Criteria for the L1A visa
The U.S. and foreign entities must have a qualifying relationship, either as a branch office, subsidiary, affiliate or parent company.
The foreign individual must have been employed abroad continuously by the foreign entity in a managerial or executive capacity for one year within the three years immediately preceding the petition.
A managerial position is defined as one in which the employee primarily: manages an organization, department, subdivision, or function; supervises and controls the work of other supervisory, professional or managerial employees or manages an "essential function"; has the authority to make personnel decisions or to function at a "senior level"; has discretion over the day-to-day working of the business or function for which he/she has authority.
An executive position is defined as one in which the employee: manages an organization or a major component / function of that organization; has the authority to establish goals and policies; has wide latitude in discretionary decision making; is supervised only by higher-ranking executives, the board of directors, or stockholders of the company.
The U.S. business and foreign entities must be engaged in regular, systematic and continuous provision of goods and / or services. The U.S. entity is considered a new business if it has been doing business for less than one year in the U.S. at the time the L1A petition is filed.
For how long is the L1A valid?
The L-1A visa is initially approved for three years. However, for an entity that has been doing business for less than one year in the U.S., the L1A will initially be approved for only one year. Extensions of the L1A visa are available in increments of two years, up to a total of seven years. A foreign individual who has been in L1A and / or H1B status for a period of seven years may not be readmitted in L1A status until he or she has resided outside the U.S. for one year.
Who may accompany an L1A visa holder?
The spouse or unmarried minor children (under 21 years of age) of the L1A visa holder may enter the United States in L-2 status as dependents. L-2 spouses may apply for employment authorization to be employed in the U.S.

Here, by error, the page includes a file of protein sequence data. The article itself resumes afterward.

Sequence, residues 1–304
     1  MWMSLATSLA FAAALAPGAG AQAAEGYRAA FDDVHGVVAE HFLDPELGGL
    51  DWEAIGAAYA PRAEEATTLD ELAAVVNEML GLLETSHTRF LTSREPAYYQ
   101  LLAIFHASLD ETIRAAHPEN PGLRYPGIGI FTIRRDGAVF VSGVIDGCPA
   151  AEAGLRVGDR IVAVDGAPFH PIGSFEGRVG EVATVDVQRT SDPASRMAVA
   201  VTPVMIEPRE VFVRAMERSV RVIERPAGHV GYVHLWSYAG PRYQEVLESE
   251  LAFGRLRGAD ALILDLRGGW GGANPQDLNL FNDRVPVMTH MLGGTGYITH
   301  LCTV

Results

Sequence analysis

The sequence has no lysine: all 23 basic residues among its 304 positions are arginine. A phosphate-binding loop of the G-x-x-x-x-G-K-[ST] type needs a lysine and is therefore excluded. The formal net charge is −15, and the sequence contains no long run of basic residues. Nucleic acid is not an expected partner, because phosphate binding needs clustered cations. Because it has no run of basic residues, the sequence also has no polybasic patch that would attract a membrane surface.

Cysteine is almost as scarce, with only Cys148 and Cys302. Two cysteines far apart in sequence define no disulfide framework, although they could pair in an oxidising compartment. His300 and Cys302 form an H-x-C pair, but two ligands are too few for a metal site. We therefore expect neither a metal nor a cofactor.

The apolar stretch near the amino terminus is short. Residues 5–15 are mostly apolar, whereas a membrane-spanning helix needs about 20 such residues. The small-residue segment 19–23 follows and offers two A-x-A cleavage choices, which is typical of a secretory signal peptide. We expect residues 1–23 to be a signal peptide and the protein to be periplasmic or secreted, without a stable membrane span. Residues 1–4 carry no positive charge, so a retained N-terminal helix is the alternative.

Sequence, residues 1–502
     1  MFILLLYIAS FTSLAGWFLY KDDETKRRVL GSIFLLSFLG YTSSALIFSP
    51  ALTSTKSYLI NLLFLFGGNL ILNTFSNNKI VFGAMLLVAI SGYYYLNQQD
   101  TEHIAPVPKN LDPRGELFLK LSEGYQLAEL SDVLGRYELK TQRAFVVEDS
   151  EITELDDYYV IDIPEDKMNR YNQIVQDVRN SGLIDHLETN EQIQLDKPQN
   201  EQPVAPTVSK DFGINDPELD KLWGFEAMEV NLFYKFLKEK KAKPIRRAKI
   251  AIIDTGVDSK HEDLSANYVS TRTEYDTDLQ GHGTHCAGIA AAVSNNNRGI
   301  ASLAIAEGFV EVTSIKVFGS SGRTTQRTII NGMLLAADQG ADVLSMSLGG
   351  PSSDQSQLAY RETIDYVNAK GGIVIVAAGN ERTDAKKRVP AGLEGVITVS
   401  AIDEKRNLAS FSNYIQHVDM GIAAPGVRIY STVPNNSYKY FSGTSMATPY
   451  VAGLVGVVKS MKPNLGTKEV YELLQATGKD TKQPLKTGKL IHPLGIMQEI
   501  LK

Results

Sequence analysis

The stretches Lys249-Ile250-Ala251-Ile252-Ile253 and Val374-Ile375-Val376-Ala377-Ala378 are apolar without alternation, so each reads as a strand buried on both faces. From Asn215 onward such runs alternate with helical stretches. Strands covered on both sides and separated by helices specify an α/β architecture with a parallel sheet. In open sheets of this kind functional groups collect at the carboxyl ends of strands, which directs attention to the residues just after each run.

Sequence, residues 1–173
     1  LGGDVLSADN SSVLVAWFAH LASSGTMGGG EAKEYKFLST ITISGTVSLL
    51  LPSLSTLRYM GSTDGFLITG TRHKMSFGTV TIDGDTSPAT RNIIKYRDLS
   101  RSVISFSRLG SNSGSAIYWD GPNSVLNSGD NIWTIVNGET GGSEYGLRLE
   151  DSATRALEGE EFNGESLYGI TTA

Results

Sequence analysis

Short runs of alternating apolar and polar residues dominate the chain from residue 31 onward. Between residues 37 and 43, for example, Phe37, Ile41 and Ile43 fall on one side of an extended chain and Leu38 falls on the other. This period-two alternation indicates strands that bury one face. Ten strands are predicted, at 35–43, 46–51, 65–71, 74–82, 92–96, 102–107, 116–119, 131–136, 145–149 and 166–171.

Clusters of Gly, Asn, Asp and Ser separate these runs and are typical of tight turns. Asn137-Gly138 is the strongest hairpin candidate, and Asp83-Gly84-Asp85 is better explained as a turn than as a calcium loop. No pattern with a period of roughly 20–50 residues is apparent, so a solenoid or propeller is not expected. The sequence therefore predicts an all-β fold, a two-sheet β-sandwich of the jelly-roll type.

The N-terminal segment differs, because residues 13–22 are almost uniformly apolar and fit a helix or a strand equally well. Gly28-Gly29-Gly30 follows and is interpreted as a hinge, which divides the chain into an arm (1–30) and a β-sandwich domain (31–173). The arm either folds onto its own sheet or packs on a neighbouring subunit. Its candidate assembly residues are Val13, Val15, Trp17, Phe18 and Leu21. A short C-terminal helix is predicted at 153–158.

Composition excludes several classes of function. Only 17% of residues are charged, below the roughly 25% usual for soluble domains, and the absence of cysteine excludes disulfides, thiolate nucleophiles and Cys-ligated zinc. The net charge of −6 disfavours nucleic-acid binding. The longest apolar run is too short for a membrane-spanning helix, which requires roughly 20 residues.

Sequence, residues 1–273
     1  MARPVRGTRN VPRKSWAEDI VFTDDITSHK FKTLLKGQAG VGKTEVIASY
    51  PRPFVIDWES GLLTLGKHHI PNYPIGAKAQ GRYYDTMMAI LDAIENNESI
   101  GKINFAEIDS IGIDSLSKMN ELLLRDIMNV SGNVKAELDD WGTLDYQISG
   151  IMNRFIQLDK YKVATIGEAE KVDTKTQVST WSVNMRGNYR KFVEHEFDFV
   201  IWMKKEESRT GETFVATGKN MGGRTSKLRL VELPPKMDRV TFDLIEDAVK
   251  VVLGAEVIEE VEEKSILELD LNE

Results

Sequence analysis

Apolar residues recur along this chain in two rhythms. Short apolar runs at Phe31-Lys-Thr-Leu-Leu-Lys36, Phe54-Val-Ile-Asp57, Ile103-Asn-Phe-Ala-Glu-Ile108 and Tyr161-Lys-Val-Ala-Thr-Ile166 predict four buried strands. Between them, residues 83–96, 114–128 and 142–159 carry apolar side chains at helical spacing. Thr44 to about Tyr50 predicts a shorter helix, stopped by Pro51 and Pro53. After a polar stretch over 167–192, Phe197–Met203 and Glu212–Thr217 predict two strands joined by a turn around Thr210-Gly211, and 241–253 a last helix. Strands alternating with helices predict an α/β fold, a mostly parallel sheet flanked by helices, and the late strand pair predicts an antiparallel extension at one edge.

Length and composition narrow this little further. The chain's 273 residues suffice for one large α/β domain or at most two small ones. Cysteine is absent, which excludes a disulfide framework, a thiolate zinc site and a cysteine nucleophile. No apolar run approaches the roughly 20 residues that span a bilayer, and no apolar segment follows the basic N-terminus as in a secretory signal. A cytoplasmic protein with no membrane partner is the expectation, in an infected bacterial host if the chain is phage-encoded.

How may I obtain an L1A visa?
The L1A petition must be filed at an INS Service Center that has jurisdiction over the employer. If the employee is in the United States and eligible to change non-immigrant status, the INS will issue an approval notice with a new I-94 card. If the employee is unable to change status in the U.S. or is not present in the U.S., he must apply for an L1A visa at a U.S. consulate abroad. To request a consultation regarding an L1A visa, please email our offices at firstname.lastname@example.org
Large U.S. entities may be eligible to file blanket L-1 petitions which grant continuing approval of L-1 visas for itself and its foreign affiliates, subsidiaries, and branch offices.
The following criteria must be met:
The petitioner and qualifying foreign entities must be engaged in commercial trade or services.
The petitioner must have an office in the United States that has been doing business for one year or more.
The petitioner must have three or more domestic and foreign branches, subsidiaries, or affiliates.
The petitioner and related qualifying organizations must meet one of the following: (1) have obtained approval of ten L-1 petitions during the previous twelve months; (2) have U.S. subsidiaries or affiliates with combined annual sales of at least $25 million; or (3) have a U.S. work force of at least 1,000 employees.